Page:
We were really getting into our stride now and the wines (and tasting notes) were coming more swiftly. Our third wine (and first red) was the Espelt 2007 Sauló (14% alcohol) from the Empordà region in the northern part of Catalonia just south of the Pyrennes (the land of Salvador Dali). This is a blend of Garnacha and Cariñena (a grape variety that gets trashed in Jancis Robinson’s “Oxford Companion to Wine” which says “Its wine is high in everything—acidity, tannins, colour, bitterness—but finesse and charm”, though with the acknowledgement that “the most carefully farmed old vines on well-placed, low-yielding sites can produce Carignan with real character.”). Here’s hoping that the Cariñena in this wine is of the latter variety! Well, as you can see from Denise’s tasting note (below), initial signs weren’t hopeful (“freshly peeled bark of a sugar maple with squirrel carcasses in knotholes”!!). My own notes said “a bit vegetal, woody and shy”. I wasn’t really put off by the nose but it didn’t make me want to dive into the glass. However, the palate was much more promising – zippy acidity with black cherry and plum fruit and mild spices, some leather and grippy but ripe tannins. This is a summer red that can be served slightly chilled and doesn’t finish “hot”, despite the 14% alcohol.

"Coleccion Vivanco" in quite an unusual squat bottle

Our last wine (before adjourning to dinner) was the Dinastía Vivanco 2005 “Coleccion Vivanco” Rioja “4 Varietales”(14.5% alcohol). This is a blend of 4 grapes – 70% Tempranillo, 15% Graciano, 10% Garnacha and 5% Mazuelo. Robert explained that each of the varieties is vinified separately, with malolactic fermentation and maturation for 24 months taking place in new French oak barrels, then the winemaker blends the varieties together. In the glass the wine is a inky blackberry colour, almost black. The nose is exceptional – a spicy, sexy range of black fruits with a backbone of minerality, some vanilla from the oak, a bit of licorice and cinnamon. All of this carried onto the palate. Despite the 14.5% alcohol, the result was controlled and elegant with blackberries, Bing cherries and Damsons dominating, some new leather, silky smooth tannins and a LONG jammy finish. Quite impressive! The wine was even better an hour or so after the bottle had been opened when the different flavours had more time to open up and integrate.

Now it was time for dinner (we adjourned to the house as the temperature was dropping in the garden). Ricard prepared a lovely spread with pa amb tomàquet (an amazing whole grain bread toasted and rubbed with fresh tomato), white anchovy and hearts of artichoke salad, cold hickory and muscovado sugar-smoked salmon, and a cheese plate that included manchego, Picos de Europa, and Lincolnshire Poacher. Tim's tweet about the salmon probably summed up our reaction to it "That smoked salmon was the 3rd best thing I've ever put in my mouth. #Norwegiansalmonporn " - from Northcote Fisheries in Battersea. None of us wanted to ask what things #1 and #2 were - LOL!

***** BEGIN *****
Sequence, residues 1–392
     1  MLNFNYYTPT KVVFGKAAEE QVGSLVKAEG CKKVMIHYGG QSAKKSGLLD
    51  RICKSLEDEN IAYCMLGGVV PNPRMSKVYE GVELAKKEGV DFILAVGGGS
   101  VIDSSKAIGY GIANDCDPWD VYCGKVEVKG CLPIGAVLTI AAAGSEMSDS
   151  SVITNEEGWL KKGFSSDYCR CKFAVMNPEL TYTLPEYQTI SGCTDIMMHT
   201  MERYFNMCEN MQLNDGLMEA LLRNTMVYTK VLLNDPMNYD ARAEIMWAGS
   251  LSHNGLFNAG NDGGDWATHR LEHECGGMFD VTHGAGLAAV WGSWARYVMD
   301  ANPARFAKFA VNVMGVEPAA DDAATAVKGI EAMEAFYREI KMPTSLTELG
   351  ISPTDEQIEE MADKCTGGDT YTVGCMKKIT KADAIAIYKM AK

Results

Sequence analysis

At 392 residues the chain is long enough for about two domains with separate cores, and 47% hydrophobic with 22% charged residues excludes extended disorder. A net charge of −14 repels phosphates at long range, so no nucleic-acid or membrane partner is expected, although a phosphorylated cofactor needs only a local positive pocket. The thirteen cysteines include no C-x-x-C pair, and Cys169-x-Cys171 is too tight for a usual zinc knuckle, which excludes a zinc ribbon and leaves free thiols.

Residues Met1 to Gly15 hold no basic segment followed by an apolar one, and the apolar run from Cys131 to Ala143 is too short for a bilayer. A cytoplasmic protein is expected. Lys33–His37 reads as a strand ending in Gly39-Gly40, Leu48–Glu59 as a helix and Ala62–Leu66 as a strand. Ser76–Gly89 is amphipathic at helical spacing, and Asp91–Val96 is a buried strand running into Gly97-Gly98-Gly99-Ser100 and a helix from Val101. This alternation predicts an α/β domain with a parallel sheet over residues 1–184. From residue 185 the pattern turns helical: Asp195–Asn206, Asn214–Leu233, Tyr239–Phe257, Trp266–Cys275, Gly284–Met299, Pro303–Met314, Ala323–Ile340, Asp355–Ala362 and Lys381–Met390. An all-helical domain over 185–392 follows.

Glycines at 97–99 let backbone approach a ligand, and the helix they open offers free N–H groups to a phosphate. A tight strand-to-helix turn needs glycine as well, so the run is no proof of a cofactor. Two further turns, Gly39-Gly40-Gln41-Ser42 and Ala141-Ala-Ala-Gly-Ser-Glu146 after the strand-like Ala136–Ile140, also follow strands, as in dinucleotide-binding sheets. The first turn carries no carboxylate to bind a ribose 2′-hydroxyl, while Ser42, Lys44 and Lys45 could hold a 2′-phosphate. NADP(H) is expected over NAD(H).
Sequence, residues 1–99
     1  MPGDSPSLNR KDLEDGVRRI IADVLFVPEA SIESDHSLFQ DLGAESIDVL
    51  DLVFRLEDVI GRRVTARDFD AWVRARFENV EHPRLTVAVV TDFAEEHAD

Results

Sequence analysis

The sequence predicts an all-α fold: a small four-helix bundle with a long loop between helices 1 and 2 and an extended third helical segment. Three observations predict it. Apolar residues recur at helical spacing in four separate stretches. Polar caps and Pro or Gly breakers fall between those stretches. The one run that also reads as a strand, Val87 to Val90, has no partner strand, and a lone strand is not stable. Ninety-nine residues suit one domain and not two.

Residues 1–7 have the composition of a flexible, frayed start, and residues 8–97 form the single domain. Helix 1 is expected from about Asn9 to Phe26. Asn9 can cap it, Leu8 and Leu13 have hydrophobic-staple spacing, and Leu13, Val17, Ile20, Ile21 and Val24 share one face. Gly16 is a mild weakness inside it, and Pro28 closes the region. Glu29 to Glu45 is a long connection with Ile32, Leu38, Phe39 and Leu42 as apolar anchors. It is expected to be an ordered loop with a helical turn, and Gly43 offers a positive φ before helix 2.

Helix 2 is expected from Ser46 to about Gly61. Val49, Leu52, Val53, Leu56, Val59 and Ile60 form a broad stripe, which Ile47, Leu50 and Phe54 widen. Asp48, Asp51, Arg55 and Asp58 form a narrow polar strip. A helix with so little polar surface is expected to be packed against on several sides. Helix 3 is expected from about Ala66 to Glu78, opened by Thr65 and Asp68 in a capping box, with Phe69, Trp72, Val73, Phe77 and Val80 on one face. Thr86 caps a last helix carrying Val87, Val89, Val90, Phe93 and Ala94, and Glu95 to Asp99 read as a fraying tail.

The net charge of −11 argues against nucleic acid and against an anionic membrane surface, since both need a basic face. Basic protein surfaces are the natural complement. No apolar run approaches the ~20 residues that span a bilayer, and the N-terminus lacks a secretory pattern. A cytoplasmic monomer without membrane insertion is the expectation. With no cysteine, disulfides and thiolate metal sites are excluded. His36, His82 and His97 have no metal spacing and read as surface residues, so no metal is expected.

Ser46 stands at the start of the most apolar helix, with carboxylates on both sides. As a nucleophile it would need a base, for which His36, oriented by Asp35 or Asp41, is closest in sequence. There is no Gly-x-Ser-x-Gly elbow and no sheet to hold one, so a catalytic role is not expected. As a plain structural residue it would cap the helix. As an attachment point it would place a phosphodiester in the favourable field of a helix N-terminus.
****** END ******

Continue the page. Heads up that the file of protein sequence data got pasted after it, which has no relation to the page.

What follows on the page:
Northcote Fisheries in Battersea © The Local Data Company

I supplied an Ondarre 1995 Rioja Gran Reserva “Ursa Maior” (12.5% alcohol) to go with dinner. The wine was perfectly aged and was drinking beautifully. Its nose was of leather, forest mushrooms and hints of balsamic vinegar yet with fresh ripe red fruits supporting all of this. Despite its age, the fruit was still vibrant and juicy. All of this was present on the palate with velvety tannins and a structure, complexity and elegance that left all the tasters fighting over the bottle.

Finally, Ricard raided his cellar and produced a Bodegas Vizcarra 2005 "Torralvo" Ribera del Duero (14.5%). Quite a contrast to the Ondarre because this wine was still a baby, yet was much more assertive. A vivid purple in the glass, the nose was still quite shy with some saddle leather and chocolate-covered cherries. Tim, for reasons known ONLY to himself, said “it smells faintly of Bulgaria”! There were grippy but ripe tannins on the palate (to be expected in a wine so young) with jammy plums and damson fruit, espresso, cocoa and cloves. Quite a nice end to our evening. [oh, and deserving a mention were the hazelnut chocolate truffles that appeared as we were winding down.]


Denise provided some of the funniest and best tasting notes on the night. Here is some of her best work –
About the Gramona cava –
• #ttl I've got big bubbles, coconuts on the nose
• #ttl don't think i should eating chorizo with this
About the Albariño –
• #ttl this albarino is amazing peachy nose, @ulitmatewines is making obscene noises and doing the cabbage patch
• #ttl lovely green flecks, this is like ripe peaches that have just fallen off the tree, a stunning albarino!
About the Saulo – photo
• #ttl bit vegetal, we think it's like freshly peeled bark of a sugar maple with squirrel carcasses in knotholes
• @Timinator LOL , no squirrels were harmed in these tweets! #ttl
• #ttl tasting much better then it smells, great spice and black cherry, chocolatey, fab tannins!
About the Vivanco –
• #ttl 4 different aromatic varietals coming together, fresh black fruits and lovely spice, just want to suck this up my nose!